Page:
checksum algorithm", and retroactively amend the descriptions of all
   the checksum algorithms described in [GSSAPI-KRB5] to explicitly
   specify 8-byte output.  Application data continues to immediately
   follow the checksum field in the Wrap token.

   The revised message descriptions are thus:

   MIC token:

   Byte #             Name                Description
    0..1              TOK_ID              Identification field.
    2..3              SGN_ALG             Integrity algorithm indicator.
    4..7              Filler              Contains ff ff ff ff
    8..15             SND_SEQ             Sequence number field.
   16..s+15           SGN_CKSUM           Checksum of "to-be-signed
                                          data", calculated according to
                                          algorithm specified in SGN_ALG

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   Wrap token:

   Byte #           Name             Description
    0..1            TOK_ID           Identification field.  Tokens
                                     emitted by GSS_Wrap() contain the
                                     hex value 02 01 in this field.
    2..3            SGN_ALG          Checksum algorithm indicator.
    4..5            SEAL_ALG         Sealing algorithm indicator.
    6..7            Filler           Contains ff ff
    8..15           SND_SEQ          Encrypted sequence number field.
   16..s+15         SGN_CKSUM        Checksum of plaintext padded data,
                                     calculated according to algorithm
                                     specified in SGN_ALG field.
   s+16..last       Data             encrypted or plaintext padded data

   Where "s" indicates the size of the checksum.

   As indicated above in section 2, we define the HMAC SHA1 DES3-KD
   checksum algorithm to produce a 20-byte output, so encrypted data
   begins at byte 36.

5. Backwards Compatibility Considerations

   The context initiator should request of the KDC credentials using
   session-key cryptosystem types supported by that implementation; if
   the only types returned by the KDC are not supported by the mechanism
   implementation, it should indicate a failure.  This may seem obvious,
   but early implementations of both Kerberos and the GSSAPI Kerberos
   mechanism supported only DES keys, so the cryptosystem compatibility
   question was easy to overlook.

   Under the current mechanism, no negotiation of algorithm types
   occurs, so server-side (acceptor) implementations cannot request that
   clients not use algorithm types not understood by the server.
   However, administration of the server's Kerberos data (e.g., the
   service key) has to be done in communication with the KDC, and it is
   from the KDC that the client will request credentials.  The KDC could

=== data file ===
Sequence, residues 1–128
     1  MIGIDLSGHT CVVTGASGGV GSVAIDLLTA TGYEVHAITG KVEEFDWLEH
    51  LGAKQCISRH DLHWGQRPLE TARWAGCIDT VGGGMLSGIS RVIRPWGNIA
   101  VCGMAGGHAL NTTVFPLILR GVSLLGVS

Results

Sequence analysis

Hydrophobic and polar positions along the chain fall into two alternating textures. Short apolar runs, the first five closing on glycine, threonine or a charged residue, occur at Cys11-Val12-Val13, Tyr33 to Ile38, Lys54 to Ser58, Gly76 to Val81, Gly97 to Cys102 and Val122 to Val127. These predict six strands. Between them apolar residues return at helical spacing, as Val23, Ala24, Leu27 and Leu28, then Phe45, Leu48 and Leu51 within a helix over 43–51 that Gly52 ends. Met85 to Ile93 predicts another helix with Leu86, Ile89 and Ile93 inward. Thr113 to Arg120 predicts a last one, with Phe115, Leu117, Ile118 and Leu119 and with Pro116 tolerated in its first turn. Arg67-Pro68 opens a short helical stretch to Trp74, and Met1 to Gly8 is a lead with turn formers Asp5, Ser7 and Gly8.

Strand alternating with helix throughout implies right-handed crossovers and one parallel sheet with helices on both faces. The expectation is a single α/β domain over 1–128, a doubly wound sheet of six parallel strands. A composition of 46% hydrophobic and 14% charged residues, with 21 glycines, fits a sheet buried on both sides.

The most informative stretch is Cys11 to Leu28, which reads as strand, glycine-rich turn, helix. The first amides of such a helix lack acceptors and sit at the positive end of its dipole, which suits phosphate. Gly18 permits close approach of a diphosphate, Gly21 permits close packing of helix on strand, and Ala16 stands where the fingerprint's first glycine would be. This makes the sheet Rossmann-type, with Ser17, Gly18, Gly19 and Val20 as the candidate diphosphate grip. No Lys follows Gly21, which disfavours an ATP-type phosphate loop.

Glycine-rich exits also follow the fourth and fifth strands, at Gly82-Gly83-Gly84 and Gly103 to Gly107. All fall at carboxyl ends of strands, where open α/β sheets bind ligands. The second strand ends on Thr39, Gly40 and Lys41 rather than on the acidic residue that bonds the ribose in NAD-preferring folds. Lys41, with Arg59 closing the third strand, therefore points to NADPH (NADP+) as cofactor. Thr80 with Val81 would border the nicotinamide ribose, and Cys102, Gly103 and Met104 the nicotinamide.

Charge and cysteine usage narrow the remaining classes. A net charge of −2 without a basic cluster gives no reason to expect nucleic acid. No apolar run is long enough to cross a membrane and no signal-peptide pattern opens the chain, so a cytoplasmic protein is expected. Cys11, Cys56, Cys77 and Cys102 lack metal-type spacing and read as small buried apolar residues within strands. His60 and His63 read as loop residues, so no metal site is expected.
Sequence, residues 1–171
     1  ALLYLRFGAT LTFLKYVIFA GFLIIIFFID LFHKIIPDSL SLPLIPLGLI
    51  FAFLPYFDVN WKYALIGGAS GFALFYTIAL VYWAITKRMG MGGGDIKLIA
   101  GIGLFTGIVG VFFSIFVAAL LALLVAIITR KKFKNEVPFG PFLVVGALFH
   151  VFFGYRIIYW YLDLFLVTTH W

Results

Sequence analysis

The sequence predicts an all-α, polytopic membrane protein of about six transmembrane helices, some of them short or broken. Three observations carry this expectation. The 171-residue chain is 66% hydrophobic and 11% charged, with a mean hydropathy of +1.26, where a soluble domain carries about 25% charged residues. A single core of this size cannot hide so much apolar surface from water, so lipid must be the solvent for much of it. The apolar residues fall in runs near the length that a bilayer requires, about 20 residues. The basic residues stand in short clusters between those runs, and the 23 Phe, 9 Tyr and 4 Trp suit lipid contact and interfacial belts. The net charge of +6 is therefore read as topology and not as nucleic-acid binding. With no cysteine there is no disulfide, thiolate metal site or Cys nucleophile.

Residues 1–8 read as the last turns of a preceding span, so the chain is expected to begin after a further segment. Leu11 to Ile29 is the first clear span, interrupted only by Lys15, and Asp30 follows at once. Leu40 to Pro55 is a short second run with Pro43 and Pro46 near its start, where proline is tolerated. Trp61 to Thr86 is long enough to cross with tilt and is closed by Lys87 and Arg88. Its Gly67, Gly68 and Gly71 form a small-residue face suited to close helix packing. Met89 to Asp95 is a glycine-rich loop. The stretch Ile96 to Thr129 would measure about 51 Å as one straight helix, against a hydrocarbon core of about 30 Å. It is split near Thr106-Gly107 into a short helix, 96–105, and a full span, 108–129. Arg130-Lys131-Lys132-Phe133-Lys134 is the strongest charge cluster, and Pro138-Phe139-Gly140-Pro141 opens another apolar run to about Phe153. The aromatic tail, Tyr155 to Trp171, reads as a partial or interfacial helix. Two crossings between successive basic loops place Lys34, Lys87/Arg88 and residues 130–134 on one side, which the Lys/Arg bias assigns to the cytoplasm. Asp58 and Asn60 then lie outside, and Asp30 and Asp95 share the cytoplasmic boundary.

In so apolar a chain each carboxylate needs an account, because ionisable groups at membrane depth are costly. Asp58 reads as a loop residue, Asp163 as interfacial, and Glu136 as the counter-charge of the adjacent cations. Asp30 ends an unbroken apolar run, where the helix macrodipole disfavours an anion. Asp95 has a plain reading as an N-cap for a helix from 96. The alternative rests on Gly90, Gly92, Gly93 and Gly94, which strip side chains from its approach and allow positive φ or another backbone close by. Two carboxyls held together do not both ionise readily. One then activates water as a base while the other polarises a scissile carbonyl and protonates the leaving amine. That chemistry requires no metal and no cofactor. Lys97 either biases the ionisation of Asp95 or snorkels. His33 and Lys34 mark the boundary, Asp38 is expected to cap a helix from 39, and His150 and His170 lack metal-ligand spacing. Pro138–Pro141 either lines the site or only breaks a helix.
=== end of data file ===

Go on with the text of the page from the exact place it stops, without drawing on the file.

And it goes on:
therefore be tasked with limiting session keys for a given service to
   types actually supported by the Kerberos and GSSAPI software on the

   This does have a drawback for cases where a service principal name is
   used both for GSSAPI-based and non-GSSAPI-based communication (most
   notably the "host" service key), if the GSSAPI implementation does
   not understand triple-DES but the Kerberos implementation does.  It
   means that triple-DES session keys cannot be issued for that service

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   principal, which keeps the protection of non-GSSAPI services weaker
   than necessary.

   It would also be possible to have clients attempt to get single-DES
   session keys before trying to get triple-DES session keys, and have
   the KDC refuse to issue the single-DES keys only for the most
   critical of services, for which single-DES protection is considered
   inadequate.  However, that would eliminate the possibility of
   connecting with the more secure cryptosystem to any service that can
   be accessed with the weaker cryptosystem.

   For MIT's 1.2 release, we chose to go with the former approach,
   putting the burden on the KDC administration and gaining the best
   protection possible for GSSAPI services, possibly at the cost of
   weaker protection of non-GSSAPI Kerberos services running earlier
   versions of the software.

6. Security Considerations

   Various tradeoffs arise regarding the mixing of new and old software,
   or GSSAPI-based and non-GSSAPI Kerberos authentication.  They are
   discussed in section 5.

7. References

   [EFF] Electronic Frontier Foundation, "Cracking DES: Secrets of
   Encryption Research, Wiretap Politics, and Chip Design", O'Reilly &
   Associates, Inc., May, 1998.

   [GSSAPI] Linn, J., "Generic Security Service Application Program
   Interface Version 2, Update 1", RFC 2743, January, 2000.

   [GSSAPI-KRB5] Linn, J., "The Kerberos Version 5 GSS-API Mechanism",
   RFC 1964, June, 1996.

   [KrbRev] Neuman, C., Kohl, J., Ts'o, T., "The Kerberos Network
   Authentication Service (V5)", draft-ietf-cat-kerberos-
   revisions-06.txt, July 4, 2000.

8. Author's Address

   Kenneth Raeburn Massachusetts Institute of Technology 77
   Massachusetts Avenue Cambridge, MA 02139

9. Full Copyright Statement

   Copyright (C) The Internet Society (2000).  All Rights Reserved.

Raeburn                                                         [Page 6]
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10. Document Change History

>From -00 to -01:

   Converted master to GNU troff and tbl, rewriting tables in the

   Specify informational category only.  Modify some text to emphasize
   that this document intends to describe MIT's extensions.

   Point out that while EncryptedData for 3des-kd includes a checksum,
   DES3-KD GSS encryption does not.

   Shorten backwards-compatibility descriptions a little.

   Submit to Kerberos working group rather than CAT.

Raeburn                                                         [Page 7]